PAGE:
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Because this paper is in the business of news, I usually write about multi-storey residential projects just as they are coming on the market.

Doing so is tricky. It involves guesswork and crystal ball-gazing, since one has to look past the dreamily idealized renderings supplied by developers and imagine how the buildings will appear and work after they’re finished. The reporter also has to take care not to be stuck ankle-deep in hype, which is never thicker on the ground than it is during the initial sales period. Architects, for their part, are most eager to talk about their designs before their structures can actually be seen, warts and all. I rarely hear from them after my preview has surfaced in these pages.

I was pleasantly surprised, then, to learn a while back that Richard Witt, of Quadrangle Architects, wanted to show me Abacus Lofts, an eight-storey condominium complex he has designed for developer Antonio Azevedo in Toronto’s Little Portugal neighbourhood.

All photos courtesy Quadrangle Architects Ltd.

I knew something of the 39-unit project, having made it the subject of a column in early 2012, when sales began. (At the time, Mr. Witt was one of the principals at RAW Design.) In those days, of course, Abacus amounted to nothing more than an artist’s impression, plans and a marketing pitch. But on the basis of those documents and a conversation with Mr. Witt, I had predicted Abacus would be “dramatic.” Three years later, I decided it might be interesting to see if my prediction had come to pass. So last week, I took Mr. Witt up on his invitation and made my way to meet him and his publicist, Naomi Kriss, at the site, on Dundas Street West a block or so beyond Ossington Avenue.

The meeting was business-like. The architect showed Ms. Kriss and me the underground stackers, which provide parking spots for 18 cars in a space about the size of a church basement. We visited a small one-bedroom suite. We walked around the glassy, high-ceilinged retail area that opens on to Dundas Street.

So far, we had seen little that couldn’t be found in countless shiny new condo towers across Toronto – small units, tight corridors, a lobby as unceremonious and merely practical as a hallway, the inevitable store at grade. Then we stepped out of the store into the paved forecourt. Mr. Witt glanced up at the streetside façade and, with an acceptably modest gesture, said, “Pretty nice,” or words to that effect.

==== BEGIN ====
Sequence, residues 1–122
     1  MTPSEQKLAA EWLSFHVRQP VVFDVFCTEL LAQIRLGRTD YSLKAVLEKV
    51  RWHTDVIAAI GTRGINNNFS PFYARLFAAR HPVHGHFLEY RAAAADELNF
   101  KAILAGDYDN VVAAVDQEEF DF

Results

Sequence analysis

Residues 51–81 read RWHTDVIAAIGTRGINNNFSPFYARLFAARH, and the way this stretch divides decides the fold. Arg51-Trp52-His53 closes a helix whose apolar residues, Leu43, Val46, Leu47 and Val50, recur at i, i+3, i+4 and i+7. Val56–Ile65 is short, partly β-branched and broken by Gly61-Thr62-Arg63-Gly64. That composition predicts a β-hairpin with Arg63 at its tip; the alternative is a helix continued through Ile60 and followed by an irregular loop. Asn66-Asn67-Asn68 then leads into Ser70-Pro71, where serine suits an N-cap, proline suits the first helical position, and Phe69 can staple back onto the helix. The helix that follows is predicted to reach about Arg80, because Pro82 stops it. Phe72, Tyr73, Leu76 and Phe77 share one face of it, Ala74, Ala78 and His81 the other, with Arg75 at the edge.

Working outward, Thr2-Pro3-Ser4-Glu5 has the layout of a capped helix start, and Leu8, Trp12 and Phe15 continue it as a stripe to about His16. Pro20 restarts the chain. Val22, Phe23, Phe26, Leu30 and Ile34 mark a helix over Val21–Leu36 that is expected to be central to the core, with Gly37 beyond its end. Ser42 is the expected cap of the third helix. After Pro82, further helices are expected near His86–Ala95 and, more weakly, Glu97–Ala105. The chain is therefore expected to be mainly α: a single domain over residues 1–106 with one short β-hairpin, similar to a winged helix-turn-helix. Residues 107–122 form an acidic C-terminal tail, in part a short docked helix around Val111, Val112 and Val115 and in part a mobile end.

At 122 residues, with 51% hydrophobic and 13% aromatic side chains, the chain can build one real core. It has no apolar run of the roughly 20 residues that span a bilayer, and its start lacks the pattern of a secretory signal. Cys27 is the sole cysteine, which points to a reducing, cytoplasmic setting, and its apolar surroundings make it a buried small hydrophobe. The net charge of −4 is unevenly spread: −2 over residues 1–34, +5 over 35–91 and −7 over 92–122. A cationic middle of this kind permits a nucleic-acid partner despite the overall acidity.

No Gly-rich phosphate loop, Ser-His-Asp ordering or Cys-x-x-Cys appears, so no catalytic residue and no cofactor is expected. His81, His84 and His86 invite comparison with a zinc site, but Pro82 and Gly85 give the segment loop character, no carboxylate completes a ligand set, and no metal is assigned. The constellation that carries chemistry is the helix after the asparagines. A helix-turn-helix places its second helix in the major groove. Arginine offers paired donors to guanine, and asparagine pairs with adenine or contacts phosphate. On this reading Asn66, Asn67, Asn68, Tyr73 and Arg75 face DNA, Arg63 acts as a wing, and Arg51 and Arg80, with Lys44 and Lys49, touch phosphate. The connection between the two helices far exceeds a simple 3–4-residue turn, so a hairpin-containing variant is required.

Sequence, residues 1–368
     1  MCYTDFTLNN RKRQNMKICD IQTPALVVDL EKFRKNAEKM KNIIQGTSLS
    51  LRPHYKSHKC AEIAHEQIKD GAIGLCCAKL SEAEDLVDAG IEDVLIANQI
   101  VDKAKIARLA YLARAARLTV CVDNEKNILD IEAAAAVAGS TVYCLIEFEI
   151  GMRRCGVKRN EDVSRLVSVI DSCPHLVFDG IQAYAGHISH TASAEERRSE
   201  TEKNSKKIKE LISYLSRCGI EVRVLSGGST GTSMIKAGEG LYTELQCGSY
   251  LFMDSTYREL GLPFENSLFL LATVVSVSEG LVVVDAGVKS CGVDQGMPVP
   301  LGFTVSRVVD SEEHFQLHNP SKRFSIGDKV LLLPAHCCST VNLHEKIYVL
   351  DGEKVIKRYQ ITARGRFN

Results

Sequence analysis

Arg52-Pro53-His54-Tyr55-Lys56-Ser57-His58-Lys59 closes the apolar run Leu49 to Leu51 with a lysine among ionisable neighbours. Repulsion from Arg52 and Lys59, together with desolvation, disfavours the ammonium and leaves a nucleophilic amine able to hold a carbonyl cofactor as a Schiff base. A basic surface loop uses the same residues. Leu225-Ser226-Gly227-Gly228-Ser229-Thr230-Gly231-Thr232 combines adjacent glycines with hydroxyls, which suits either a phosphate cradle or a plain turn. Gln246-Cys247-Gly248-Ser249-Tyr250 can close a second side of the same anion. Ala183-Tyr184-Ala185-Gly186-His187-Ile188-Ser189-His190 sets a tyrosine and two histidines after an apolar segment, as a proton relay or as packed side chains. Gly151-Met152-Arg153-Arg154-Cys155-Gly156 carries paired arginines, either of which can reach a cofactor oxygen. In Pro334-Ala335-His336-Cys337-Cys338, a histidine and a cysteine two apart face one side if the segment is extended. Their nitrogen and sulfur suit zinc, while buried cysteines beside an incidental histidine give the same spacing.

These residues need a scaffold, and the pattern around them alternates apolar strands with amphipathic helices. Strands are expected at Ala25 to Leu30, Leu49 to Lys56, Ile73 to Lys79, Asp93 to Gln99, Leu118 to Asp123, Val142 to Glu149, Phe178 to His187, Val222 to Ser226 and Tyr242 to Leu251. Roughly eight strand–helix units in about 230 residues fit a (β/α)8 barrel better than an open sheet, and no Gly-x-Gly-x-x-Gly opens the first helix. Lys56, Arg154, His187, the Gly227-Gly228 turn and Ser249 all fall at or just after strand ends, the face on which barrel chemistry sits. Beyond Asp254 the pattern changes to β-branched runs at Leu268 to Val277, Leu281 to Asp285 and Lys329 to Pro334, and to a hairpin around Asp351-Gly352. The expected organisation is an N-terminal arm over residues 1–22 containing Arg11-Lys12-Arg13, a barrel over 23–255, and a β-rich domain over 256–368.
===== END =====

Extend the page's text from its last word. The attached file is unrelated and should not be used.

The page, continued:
What we had seen inside looked pretty nice – efficient, up to snuff. While not very interesting to the eye, the interior of Abacus is as aesthetically decent, I suppose, as that of many another condo project pitched, like this one had been, to investors, first-time buyers, couples without kids, empty-nesters. (We were told there is a penthouse apartment on top, but we didn’t see it.)

That said, the exterior, especially the side turned toward busy, noisy Dundas Street, isn’t just nice, or whatever understated adjective Mr. Witt used to describe it. It is outstanding by any measure – bolder, more striking and expressive than I thought it would be when I wrote up Abacus in 2012. If the inside is routine, the outside is as formally sophisticated an interface between interior space and the city as you are likely to see anywhere in mid-rise Toronto.

An eight-storey building can behave in a few ways on an elderly low-rise street. It can try to hide. Or it can accept the fact that it is a large urban object, make no bones about its difference from the context and, indeed, be as different as possible. Abacus is a structure of the latter sort. Instead of lining up politely parallel to the sidewalk, for example, the bottom veers off from the street at an acute angle. This pulse of visual electricity opens up a small, hard-surfaced public place, a kind of hospitable cove, in front of the building. One could envision tables and chairs and conversations on this terrace.

Above, the imaginative façade breaks open like a Swiss army knife. Each of the large upper levels swings out laterally from a hinge at the northeastern corner, exuberantly animating the otherwise tired, worn-down street. Mr. Witt has further distinguished Abacus from its brick-and-mortar surroundings by cladding the upper elements of the front with cement-fibre panels that are as dark and matte as sketcher’s charcoal. The resulting abstract geometry is energetic, serious and in no way jarring. It has athletic grace, and muscular sweep that punctuates the streetscape with verve.

With backing from planners at city hall – Toronto’s official plan foresees such an outcome – developers are raising ever more mid-sized, multi-unit dwellings on arterial streets and thoroughfares in the metropolitan area. Many of these interventions try to slip quietly into their slots in the city’s largely mediocre fabric. Abacus Lofts is definitely one that doesn’t.